This article is part of Overlooked, a series of obituaries about remarkable people whose deaths, beginning in 1851, went unreported in The Times.
Randy Snow was 16 when the accident happened.
It was July 1975, and he was toiling away at his summer job on a farm in Paris, Texas, when a 1,000-pound bale of hay that he was loading onto a tractor fell from its prongs, crushing him in the tractor’s steering compartment. The impact severed his spine, and despite months of rehab, he would never walk again.
But it did not stop him from becoming a world champion athlete. He became the first Paralympian in history to win medals in three different sports — track, basketball and, most notably, tennis.
By the time he retired from competitive wheelchair sports in 2000, Snow had won 10 U.S. Open tennis singles titles and six in doubles play. In the 1990-91 season alone, he won 68 consecutive matches and 15 straight tournaments, becoming the first International Tennis Federation Wheelchair World Champion. He earned gold medals in singles and doubles at the 1992 Paralympics in Barcelona, and in 2004 he became the first Paralympic athlete inducted into the Olympic Hall of Fame.
In 2012, he was inducted posthumously into the International Tennis Hall of Fame in Newport, R.I. He had died of a heart attack on Nov. 19, 2009, in El Salvador, where he had been giving a tennis clinic. He was 50.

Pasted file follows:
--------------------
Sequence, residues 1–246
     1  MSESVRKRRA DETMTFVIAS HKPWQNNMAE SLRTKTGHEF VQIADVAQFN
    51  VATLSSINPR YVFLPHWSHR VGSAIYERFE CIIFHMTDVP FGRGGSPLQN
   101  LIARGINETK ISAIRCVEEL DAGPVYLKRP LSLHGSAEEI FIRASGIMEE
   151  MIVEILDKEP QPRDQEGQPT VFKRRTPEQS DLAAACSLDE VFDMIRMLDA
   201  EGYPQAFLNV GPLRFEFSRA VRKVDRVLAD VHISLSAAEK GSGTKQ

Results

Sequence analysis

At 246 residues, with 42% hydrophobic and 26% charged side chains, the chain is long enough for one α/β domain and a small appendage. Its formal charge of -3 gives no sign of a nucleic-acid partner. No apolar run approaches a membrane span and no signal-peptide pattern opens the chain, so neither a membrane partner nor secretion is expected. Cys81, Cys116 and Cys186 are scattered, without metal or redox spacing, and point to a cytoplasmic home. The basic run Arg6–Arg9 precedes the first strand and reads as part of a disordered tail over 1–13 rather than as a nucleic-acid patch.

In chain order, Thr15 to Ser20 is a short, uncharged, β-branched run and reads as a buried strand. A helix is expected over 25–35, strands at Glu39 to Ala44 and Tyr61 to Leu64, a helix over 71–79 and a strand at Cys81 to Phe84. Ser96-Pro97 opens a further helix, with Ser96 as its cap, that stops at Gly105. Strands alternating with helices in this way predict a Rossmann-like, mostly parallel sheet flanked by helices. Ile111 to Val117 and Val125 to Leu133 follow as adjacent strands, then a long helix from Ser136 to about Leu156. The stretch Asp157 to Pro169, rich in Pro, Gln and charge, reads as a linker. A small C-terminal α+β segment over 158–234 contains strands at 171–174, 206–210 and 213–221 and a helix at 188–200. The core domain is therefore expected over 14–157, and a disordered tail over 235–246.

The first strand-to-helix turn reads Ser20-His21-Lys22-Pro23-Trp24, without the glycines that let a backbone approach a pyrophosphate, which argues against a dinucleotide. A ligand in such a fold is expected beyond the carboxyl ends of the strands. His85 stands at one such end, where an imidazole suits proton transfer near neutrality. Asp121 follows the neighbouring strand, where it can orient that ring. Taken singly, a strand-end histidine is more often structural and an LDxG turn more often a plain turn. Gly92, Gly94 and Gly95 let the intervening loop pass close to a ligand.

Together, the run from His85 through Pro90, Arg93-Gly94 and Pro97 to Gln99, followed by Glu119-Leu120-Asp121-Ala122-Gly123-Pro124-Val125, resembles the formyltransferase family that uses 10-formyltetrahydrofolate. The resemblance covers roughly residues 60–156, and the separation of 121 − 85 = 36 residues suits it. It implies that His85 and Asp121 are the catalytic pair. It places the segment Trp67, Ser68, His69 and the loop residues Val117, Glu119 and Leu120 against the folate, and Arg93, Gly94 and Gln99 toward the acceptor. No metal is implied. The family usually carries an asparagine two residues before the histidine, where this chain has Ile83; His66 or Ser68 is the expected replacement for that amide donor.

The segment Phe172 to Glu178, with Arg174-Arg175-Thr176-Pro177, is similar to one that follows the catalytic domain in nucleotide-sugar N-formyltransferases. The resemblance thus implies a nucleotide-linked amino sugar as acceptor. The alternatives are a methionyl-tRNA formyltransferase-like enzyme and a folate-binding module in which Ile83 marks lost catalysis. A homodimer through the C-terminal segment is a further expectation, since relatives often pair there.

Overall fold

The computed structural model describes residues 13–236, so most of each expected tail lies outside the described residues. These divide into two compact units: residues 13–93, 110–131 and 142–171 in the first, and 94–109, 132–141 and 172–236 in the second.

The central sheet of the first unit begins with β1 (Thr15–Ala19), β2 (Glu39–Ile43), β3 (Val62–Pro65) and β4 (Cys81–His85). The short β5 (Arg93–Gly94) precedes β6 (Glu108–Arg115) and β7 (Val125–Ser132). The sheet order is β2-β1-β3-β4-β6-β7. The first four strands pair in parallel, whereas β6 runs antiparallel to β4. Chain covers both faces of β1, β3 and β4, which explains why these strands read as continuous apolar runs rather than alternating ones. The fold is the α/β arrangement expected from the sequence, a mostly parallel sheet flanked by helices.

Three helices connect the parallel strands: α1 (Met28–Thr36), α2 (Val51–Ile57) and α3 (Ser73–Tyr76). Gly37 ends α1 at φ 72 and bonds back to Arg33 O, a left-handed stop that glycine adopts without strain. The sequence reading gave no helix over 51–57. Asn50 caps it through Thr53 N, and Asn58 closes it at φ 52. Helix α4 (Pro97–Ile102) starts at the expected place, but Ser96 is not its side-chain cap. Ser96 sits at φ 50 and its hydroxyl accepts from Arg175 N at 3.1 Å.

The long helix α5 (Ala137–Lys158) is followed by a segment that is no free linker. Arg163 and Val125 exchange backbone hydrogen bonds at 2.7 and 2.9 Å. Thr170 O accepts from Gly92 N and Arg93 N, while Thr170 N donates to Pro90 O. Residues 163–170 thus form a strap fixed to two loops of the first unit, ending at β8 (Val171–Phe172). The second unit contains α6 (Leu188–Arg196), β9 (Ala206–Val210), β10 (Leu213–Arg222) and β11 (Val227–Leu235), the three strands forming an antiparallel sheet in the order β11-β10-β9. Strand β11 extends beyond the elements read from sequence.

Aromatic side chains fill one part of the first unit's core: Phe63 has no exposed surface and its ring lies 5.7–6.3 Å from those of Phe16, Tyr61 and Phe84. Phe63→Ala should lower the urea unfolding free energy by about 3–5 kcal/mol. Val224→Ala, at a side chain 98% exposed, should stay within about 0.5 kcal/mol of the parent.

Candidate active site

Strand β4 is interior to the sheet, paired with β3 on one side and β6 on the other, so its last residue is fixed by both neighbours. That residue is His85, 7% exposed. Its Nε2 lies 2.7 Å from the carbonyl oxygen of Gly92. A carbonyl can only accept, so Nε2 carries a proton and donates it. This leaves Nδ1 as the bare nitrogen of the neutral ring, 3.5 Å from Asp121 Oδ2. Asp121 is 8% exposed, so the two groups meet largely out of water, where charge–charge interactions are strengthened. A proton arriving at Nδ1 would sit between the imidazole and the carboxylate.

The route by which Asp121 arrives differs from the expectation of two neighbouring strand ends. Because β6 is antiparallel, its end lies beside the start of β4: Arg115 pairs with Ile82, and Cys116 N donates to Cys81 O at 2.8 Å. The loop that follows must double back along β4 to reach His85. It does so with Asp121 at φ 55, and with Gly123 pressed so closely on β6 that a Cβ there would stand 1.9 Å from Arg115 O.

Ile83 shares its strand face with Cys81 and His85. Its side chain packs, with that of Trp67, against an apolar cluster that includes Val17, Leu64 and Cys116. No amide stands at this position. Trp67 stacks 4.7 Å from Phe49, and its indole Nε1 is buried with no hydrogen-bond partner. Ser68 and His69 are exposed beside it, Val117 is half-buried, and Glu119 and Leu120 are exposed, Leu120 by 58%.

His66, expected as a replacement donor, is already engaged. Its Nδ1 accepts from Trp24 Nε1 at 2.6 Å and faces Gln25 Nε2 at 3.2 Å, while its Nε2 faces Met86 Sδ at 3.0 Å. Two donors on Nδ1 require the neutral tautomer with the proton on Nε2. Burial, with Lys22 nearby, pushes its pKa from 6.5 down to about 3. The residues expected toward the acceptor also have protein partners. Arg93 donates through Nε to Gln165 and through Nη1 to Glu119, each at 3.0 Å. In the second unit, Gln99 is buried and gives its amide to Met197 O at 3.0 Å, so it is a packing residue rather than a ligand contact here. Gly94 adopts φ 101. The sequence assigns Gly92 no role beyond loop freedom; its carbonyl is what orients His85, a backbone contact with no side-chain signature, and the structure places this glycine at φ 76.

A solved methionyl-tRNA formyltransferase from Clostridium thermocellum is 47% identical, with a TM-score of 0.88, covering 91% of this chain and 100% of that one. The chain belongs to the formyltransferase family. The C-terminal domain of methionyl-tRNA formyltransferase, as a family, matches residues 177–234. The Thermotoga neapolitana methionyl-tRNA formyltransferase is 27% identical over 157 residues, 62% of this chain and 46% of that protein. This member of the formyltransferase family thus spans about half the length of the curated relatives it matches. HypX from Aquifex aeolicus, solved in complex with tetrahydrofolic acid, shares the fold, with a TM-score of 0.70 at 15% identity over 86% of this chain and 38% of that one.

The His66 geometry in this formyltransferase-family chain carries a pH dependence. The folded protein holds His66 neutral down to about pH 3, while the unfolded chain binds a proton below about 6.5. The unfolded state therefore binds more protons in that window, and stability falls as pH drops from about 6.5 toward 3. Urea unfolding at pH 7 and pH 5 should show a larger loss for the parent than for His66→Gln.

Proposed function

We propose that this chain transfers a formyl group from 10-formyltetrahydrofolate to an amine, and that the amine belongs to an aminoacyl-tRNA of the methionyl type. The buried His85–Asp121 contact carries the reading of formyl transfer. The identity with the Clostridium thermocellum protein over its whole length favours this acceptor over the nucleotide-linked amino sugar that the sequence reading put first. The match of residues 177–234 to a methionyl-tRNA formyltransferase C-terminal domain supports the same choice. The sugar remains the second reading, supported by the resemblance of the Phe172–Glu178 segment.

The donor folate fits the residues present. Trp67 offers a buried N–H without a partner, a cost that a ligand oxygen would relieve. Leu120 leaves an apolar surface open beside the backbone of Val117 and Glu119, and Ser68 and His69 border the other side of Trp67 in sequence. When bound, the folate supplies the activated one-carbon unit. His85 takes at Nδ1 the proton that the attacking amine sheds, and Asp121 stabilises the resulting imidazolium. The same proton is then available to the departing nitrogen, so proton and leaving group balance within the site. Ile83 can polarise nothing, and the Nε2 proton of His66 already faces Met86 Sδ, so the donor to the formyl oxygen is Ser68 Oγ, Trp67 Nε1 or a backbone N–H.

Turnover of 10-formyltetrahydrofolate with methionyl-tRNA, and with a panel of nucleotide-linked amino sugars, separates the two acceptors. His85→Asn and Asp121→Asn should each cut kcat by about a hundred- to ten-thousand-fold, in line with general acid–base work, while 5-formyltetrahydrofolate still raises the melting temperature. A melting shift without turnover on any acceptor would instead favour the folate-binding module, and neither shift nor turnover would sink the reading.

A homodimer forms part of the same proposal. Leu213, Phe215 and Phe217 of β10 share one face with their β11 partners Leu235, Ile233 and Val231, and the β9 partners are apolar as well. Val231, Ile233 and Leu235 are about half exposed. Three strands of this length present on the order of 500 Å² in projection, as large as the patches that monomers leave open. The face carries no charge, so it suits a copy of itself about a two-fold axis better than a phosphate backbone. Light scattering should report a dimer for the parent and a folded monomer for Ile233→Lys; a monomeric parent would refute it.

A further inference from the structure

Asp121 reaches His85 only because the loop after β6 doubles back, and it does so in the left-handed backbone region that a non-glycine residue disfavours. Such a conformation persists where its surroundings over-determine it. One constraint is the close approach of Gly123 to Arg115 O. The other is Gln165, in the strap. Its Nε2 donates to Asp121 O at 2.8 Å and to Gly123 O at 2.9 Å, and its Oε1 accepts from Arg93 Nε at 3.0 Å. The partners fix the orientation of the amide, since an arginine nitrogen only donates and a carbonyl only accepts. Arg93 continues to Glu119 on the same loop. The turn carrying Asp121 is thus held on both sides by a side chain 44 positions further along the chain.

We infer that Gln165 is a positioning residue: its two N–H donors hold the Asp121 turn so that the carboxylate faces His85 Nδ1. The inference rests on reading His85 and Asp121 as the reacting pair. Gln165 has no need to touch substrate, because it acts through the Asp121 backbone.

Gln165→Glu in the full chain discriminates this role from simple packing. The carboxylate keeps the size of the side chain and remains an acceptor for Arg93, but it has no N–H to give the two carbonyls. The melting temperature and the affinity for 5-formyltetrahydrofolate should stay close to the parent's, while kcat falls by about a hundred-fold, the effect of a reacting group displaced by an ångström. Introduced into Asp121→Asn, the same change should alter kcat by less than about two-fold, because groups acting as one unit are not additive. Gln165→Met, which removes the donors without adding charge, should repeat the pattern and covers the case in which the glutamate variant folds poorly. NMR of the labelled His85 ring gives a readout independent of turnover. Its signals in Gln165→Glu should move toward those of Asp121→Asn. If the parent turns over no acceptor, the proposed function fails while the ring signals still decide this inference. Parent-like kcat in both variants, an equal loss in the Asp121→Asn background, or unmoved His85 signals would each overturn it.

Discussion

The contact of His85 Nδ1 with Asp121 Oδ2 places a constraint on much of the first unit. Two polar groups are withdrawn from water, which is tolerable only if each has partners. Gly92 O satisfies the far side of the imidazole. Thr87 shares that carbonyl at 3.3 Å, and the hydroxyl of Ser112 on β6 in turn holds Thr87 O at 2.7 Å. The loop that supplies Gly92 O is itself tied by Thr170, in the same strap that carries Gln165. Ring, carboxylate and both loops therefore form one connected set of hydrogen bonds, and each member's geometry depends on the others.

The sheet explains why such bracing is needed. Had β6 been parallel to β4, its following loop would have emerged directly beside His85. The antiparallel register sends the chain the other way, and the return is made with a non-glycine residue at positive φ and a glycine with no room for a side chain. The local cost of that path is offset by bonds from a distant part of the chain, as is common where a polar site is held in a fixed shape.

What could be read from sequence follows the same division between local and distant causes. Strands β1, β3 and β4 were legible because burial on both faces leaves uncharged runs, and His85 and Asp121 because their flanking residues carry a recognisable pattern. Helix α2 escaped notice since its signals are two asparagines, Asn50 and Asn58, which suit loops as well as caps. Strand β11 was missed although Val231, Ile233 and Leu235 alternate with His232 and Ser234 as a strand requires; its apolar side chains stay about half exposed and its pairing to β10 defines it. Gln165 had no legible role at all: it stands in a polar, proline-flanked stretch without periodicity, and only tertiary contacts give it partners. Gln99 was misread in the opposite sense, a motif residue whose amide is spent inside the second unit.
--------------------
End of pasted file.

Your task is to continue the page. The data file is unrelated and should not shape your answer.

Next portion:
Snow became a leader in developing wheelchair tennis, which had only a handful of tournaments when he began playing. It is now played in more than 100 countries and at all four major championships — Wimbledon and the Australian, French and U.S. Opens.
“Dreams make everyday life tolerable,” Snow, who became an author and motivational speaker, wrote in an essay in 2000. “Without dreams, life would be mediocre. Initially my spinal cord injury dashed any hope of achieving those dreams. But sometimes re-dreaming is necessary. As I reflect on the 25 years after that hot July day, I now know that my childhood dreams were realized. Not only did I win the U.S. Open, I won it 10 times. I just happened to win it in a wheelchair.”
Thomas Randall Snow was born on May 24, 1959, in Austin, Texas, the oldest of four children of Alison Lee McElhone, a kindergarten teacher, and Thomas Snow, a real estate attorney who had played baseball at the University of Texas. The family later moved to Terrell, east of Dallas.
Randy was an ardent athlete, excelling in football, baseball, basketball and tennis. Though his parents divorced when he was 12, they lived less than a mile apart and each built a backyard tennis court to encourage family participation in the sport.
“It seemed like he always had a ball in his hand,” his father said in a phone interview. “Studies were not his thing. He was most interested in sports.”
Randy was on the football team at Terrell High School when he suffered the spinal injury. After spending months in a Dallas hospital and then at a rehabilitation facility in Denver, he was on his way home when he asked his family if he could stop by the school, where a pep rally for his former team was taking place. As the students and staff members rose in ovation, Snow spun his wheelchair and bellowed, “I’m baaaack!” The crowd roared its approval.
“That was Randy,” his sister Jenny Sperry said in a phone interview. “I’m still here, I’m still showy, and I still have my spunk.”
After graduating from high school in 1977, Snow enrolled at the University of Texas, Austin, where he helped start a wheelchair basketball team. He also began a lifelong addiction to drugs and alcohol, a battle that would take him in and out of rehab for the next 25 years, his father said.